17 Books You Should Read This July
Pop Music, Sex Dolls, Arson, and More
Inara Verzemnieks, Among the Living and the Dead: a Tale of Exile and Homecoming
Verzemnieks shores up her ruins in this examination of her ancestral Latvian home/homeland, the landscape where lives were corrupted by the Second World War. The author’s visits to “this place of flight” strengthen bonds with her extended family but don’t extinguish the suffering that took place. A densely researched book of longing and belonging, this book not only outlines the trauma of refugees and exile, but does so with distilled, gorgeous, and generous prose: “Occasionally, a house will appear, canted and suffering, maybe with a slope-shouldered figure poking at a smoldering brush pile in the yard. But just as quickly, these glimpses are smothered by the trees.” She writes like the warm breath of a sigh.
–Kerri Arsenault, Lit Hub contributing editor
Alissa Nutting, Made for Love
Alissa Nutting’s Made for Love has to be this summer’s most heartwarming novel, and that’s saying a lot, given that it involves a man with two sex dolls named Diane and Roxy. Oh, a man who is aroused by sea mammals. Meanwhile, protagonist Hazel escapes a horrible marriage to Byron Gogol, whose eponymous company has infiltrated every aspect of American life, even monitoring its female employees’ menstrual cycles. Did I say most heartwarming? Maybe I meant most screwball. In any case, Made for Love holds a surprise on every page. Read it on the beach instead of your usual bland summer romance, and thank me later.
–Bethanne Patrick, Lit Hub contributing editor
Edwidge Danticat, The Art of Death
Danticat’s slim book is an elegy for her mother, who died of cancer a few years go, a reframing of their lives together through shared memories and deathbed conversations, a compendium of elegant riffs on authors who have written about death—Tolstoy, Camus, Gabriel García Márquez, Christopher Hitchens, Toni Morrison, Didion, Sontag, among others—an appreciation of Murakami’s After the Quake in comparison to Danticat’s experiences (and family losses) during the earthquake in Haiti and more. It’s a haunting heart-breaking book that illuminates the artfulness in writing about death as well as Danticat’s own genius at conjuring up powerful emotions.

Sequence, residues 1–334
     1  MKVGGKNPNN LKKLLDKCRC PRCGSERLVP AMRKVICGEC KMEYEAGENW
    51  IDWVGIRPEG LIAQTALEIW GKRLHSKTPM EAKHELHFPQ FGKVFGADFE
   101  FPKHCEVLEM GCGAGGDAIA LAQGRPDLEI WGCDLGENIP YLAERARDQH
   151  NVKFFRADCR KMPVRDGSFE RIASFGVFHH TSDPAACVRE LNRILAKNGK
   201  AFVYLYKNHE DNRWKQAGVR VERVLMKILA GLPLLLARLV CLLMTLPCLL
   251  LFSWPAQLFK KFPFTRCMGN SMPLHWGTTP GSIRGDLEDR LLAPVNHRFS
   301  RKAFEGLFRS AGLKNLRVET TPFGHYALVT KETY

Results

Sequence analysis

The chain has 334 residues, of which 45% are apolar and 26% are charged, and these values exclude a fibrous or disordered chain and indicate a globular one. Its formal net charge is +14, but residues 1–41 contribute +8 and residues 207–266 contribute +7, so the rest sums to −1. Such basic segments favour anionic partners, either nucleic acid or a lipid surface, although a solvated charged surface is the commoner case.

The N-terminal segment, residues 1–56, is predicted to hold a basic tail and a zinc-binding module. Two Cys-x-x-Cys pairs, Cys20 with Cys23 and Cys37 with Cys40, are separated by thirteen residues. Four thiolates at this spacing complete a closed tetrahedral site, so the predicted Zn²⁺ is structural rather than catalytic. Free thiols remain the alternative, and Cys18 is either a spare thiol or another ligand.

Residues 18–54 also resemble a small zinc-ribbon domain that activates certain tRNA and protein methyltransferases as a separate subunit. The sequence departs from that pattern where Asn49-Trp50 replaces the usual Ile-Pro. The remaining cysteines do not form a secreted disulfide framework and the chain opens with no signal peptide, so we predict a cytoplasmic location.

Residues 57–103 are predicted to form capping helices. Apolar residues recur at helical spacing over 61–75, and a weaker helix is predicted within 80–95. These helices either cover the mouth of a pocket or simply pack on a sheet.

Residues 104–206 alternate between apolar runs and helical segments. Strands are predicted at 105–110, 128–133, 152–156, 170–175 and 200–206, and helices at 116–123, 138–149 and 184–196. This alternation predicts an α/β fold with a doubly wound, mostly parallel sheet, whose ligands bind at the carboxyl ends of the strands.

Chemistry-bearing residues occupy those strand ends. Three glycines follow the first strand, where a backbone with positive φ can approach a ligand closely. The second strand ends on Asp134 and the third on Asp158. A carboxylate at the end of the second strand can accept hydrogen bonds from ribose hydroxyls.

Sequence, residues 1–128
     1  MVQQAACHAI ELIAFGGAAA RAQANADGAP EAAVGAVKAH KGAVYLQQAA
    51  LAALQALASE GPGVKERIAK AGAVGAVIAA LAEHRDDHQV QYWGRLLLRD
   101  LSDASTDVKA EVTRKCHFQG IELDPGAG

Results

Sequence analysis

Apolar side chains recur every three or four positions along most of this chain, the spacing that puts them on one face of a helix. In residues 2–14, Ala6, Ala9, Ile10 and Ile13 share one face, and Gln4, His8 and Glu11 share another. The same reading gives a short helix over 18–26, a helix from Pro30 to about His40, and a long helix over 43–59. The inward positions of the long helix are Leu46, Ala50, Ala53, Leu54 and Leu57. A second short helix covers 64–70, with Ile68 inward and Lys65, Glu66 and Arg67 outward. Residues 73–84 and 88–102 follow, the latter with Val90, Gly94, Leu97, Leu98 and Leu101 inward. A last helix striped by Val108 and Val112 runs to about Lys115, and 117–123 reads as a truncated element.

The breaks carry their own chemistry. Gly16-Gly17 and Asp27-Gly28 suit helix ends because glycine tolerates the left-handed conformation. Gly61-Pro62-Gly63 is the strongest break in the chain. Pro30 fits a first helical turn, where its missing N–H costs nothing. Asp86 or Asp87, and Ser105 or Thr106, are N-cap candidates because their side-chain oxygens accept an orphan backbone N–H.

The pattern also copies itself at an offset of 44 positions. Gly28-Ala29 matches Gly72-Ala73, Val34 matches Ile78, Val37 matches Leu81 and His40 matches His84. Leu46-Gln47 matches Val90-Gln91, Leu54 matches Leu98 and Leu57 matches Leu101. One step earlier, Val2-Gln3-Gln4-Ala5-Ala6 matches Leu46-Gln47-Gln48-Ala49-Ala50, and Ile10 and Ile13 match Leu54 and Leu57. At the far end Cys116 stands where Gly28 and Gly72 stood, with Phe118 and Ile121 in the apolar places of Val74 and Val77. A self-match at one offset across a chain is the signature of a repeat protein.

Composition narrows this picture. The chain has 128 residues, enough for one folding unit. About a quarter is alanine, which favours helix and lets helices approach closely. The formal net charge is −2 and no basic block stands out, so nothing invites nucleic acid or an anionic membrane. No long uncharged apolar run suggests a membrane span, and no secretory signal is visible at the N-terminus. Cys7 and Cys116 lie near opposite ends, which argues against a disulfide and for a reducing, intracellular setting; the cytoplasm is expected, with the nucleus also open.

–Jane Ciabattari, Lit Hub columnist
David Burr Gerard, The Epiphany Machine
Everybody’s doing it: everybody’s calling David Burr Gerrard’s new novel, The Epiphany Machine, “kafkaesque.” But I told myself I wouldn’t. While reading Gerrard’s odd and fascinating tale, I remembered a classic Christopher Hitchens anecdote. On a trip to communist Czechoslovakia, Hitchens said to himself, “Whatever I write, I’m not going to mention Kafka.” So he went to a meeting of dissidents, and it was interrupted by the police. Told he was under arrest, he asked, “What’s the charge?” They said, “We don’t have to tell you the charge.” And he thought, “Fuck, now I do have to mention Kafka.” And, fuck, now I do too. Whereas so much of what is called “kafkaesque” doesn’t deserve that distinction, Gerrard earns it. He’s an author to keep an eye on.
–Tyler Malone, Lit Hub contributing editor
Michael Robbins, Equipment for Living: On Poetry and Pop Music
In Equipment for Living: On Poetry and Pop Music, poet Michael Robbins deftly defies the dichotomies that often inhibit criticism. Accessible or academic, formalist or political—Robbins effaces these categories and seeks new vocabularies for understanding how art helps us live. He puts heterogeneous critical and artistic pantheons (Harold Bloom to Eve Kosofsky Sedgwick, Anne Carson to Rihanna) to use in probing, profound readings. Of the drive to criticism of art, he writes, “We can’t let them be—cathedrals, blockbusters, poems, pictures, statues, songs. They demand words from us.” Robbins’ criticism not only meets art’s demand, but also rises to its level.
–Nathan Goldman, Lit Hub contributor
Zinzi Clemmons, What We Lose